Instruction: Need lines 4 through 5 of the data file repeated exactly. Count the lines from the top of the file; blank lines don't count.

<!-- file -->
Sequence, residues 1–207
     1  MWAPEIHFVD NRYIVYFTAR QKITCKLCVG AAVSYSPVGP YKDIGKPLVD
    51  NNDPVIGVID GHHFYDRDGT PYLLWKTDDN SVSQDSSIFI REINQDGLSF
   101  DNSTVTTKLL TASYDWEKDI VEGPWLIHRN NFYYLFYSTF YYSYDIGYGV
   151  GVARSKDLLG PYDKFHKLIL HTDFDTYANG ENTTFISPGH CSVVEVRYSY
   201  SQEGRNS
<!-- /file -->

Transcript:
   101  DNSTVTTKLL TASYDWEKDI VEGPWLIHRN NFYYLFYSTF YYSYDIGYGV
   151  GVARSKDLLG PYDKFHKLIL HTDFDTYANG ENTTFISPGH CSVVEVRYSY